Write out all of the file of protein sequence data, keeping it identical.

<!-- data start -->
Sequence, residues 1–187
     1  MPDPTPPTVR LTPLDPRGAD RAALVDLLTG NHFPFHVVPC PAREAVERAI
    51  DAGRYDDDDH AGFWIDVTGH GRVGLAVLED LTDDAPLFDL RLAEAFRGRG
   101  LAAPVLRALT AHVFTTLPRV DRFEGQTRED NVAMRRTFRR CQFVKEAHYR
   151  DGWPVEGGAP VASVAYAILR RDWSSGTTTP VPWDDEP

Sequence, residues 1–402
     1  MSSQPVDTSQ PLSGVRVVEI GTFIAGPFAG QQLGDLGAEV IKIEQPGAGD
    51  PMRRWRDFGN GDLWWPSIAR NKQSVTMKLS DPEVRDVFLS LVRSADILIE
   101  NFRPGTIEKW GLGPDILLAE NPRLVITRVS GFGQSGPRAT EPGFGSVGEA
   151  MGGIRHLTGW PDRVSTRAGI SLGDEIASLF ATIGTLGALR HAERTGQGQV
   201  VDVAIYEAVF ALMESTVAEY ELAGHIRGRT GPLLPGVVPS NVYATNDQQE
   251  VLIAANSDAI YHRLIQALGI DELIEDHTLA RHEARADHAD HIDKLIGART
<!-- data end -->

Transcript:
Sequence, residues 1–187
     1  MPDPTPPTVR LTPLDPRGAD RAALVDLLTG NHFPFHVVPC PAREAVERAI
    51  DAGRYDDDDH AGFWIDVTGH GRVGLAVLED LTDDAPLFDL RLAEAFRGRG
   101  LAAPVLRALT AHVFTTLPRV DRFEGQTRED NVAMRRTFRR CQFVKEAHYR
   151  DGWPVEGGAP VASVAYAILR RDWSSGTTTP VPWDDEP

Sequence, residues 1–402
     1  MSSQPVDTSQ PLSGVRVVEI GTFIAGPFAG QQLGDLGAEV IKIEQPGAGD
    51  PMRRWRDFGN GDLWWPSIAR NKQSVTMKLS DPEVRDVFLS LVRSADILIE
   101  NFRPGTIEKW GLGPDILLAE NPRLVITRVS GFGQSGPRAT EPGFGSVGEA
   151  MGGIRHLTGW PDRVSTRAGI SLGDEIASLF ATIGTLGALR HAERTGQGQV
   201  VDVAIYEAVF ALMESTVAEY ELAGHIRGRT GPLLPGVVPS NVYATNDQQE
   251  VLIAANSDAI YHRLIQALGI DELIEDHTLA RHEARADHAD HIDKLIGART